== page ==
….but the biggest change was in the stories themselves. Instead of Gotham City serving as the crossroads for every itinerant alien in a saucer or stories featuring bat-uniforms constantly changing colors, shapes or themes Detective Comics now featured (wait for it!) DETECTIVE STORIES! Plot-drived who-dunnits that challenged your intellect and bore up under repeated readings, all of which pulled me into the superhero comics world in major way.
At approximately eighteen months in duration the New Look was a very short phase and was sadly replaced by a camp version reflecting the ABC Batman series starring Adam West and Burt Ward. Oddly enough the television show was based on the 1950’s “goofy” Batman image that Schwartz had worked so hard to purge. At we got through eighteen months of a more realistic version and who knows – would Neal Adams have gotten permission for his darker more realistic version of Batman in 1970 if the New Look had never happened? Who knows?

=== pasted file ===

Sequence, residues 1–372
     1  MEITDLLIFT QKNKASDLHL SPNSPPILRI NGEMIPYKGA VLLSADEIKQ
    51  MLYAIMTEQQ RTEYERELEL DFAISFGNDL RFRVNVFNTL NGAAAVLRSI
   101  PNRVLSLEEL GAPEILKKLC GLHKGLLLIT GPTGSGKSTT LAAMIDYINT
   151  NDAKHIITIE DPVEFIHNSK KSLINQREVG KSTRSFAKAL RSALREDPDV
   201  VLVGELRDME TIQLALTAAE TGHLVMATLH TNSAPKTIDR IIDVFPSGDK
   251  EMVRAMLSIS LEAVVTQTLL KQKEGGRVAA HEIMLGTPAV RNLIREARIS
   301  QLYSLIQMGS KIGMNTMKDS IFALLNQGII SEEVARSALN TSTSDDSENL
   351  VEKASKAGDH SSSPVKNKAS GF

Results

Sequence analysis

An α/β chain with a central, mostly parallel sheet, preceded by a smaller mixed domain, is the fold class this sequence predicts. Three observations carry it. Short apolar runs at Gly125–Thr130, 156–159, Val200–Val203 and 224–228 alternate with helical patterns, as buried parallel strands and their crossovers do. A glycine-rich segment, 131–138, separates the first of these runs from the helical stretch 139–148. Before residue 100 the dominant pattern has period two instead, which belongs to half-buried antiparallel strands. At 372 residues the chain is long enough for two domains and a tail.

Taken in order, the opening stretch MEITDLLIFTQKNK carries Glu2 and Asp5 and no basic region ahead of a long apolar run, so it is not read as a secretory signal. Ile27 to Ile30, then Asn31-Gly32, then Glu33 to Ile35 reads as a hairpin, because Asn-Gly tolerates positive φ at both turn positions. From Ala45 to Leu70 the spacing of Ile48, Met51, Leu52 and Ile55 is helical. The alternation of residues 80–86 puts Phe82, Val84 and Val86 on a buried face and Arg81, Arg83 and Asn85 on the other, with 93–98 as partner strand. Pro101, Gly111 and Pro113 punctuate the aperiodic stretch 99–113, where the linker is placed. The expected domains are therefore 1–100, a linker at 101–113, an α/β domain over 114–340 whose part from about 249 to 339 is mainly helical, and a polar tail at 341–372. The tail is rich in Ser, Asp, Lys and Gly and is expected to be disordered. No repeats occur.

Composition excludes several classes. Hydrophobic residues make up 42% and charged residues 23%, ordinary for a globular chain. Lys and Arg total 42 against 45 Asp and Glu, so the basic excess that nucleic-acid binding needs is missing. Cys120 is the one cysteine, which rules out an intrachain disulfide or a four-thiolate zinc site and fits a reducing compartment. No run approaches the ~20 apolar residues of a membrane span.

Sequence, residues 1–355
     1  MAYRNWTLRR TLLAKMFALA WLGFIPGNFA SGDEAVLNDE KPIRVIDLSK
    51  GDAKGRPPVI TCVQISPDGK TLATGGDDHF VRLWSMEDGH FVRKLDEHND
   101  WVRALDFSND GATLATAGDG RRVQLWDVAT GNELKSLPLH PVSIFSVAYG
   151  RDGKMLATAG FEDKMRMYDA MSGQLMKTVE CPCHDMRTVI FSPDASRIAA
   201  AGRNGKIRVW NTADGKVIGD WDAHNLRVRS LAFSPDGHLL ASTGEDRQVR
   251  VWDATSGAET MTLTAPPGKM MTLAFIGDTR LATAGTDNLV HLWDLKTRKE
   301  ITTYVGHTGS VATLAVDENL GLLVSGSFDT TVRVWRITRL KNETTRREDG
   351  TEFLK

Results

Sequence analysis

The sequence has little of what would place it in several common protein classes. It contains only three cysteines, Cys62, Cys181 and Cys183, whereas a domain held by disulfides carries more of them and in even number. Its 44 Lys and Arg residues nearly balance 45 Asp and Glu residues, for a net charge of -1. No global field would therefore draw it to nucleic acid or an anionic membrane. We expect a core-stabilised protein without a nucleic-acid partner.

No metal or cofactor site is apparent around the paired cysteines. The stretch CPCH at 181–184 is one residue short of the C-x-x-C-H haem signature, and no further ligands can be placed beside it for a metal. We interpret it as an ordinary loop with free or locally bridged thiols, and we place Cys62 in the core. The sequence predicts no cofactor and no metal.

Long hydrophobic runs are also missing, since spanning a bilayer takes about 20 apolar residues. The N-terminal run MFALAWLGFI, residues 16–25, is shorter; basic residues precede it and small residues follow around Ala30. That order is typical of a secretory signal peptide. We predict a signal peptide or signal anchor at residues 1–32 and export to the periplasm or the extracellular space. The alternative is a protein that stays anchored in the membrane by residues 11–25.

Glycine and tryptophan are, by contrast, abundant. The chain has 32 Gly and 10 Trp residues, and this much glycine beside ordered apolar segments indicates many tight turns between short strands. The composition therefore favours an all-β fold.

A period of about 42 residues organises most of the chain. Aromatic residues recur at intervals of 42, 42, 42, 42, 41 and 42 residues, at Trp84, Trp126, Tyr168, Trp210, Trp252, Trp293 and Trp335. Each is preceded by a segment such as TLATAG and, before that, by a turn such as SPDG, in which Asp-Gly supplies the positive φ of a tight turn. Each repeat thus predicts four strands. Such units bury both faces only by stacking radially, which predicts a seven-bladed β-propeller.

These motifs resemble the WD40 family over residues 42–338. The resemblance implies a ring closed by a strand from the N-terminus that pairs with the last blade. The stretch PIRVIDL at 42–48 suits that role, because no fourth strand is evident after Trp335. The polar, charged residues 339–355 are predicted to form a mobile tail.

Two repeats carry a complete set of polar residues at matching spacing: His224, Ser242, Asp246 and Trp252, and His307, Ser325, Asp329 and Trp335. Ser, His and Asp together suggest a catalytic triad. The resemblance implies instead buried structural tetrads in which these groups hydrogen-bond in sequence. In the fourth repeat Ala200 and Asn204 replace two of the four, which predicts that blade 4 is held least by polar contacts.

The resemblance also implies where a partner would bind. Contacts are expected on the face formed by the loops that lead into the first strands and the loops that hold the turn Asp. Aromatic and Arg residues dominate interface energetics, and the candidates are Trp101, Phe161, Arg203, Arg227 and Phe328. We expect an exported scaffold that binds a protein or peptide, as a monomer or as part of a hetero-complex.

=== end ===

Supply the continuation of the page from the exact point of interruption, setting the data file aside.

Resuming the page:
This sketchbook image happened yesterday after I spent an hour or so reading a hardbound collection of Carmine Infantino’s New Look pencils. I have so many favorites when it comes to Batman artists: Dick Sprang, Neal Adams, Marshall Rogers….but in the end Mr. Infantino is my favorite.
1: See upcoming post: “Seduction of the Stupid”
Another page from my sketchbook: Nightshade, a back-up character from Charlton Comic’s Captain Atom book. Sketchbooks are good place to experiment and my books end up with a lot of drawings from unexpected POV’s,
It’s always a challenge to update old characters – I mean how much do you change before they start to lose identity? Added to the challenge is the shallow depth of detail in most Silver Age heroes: comic work doesn’t pay very well now and paid even less fifty years ago. The emphasis was on speed so the fewer wrinkles, seams, belts, tools and such the better and it wasn’t unusual for pencillers to see their work gutted by inkers who omitted detail and resorted to heavy shadow area just to increase daily page rates.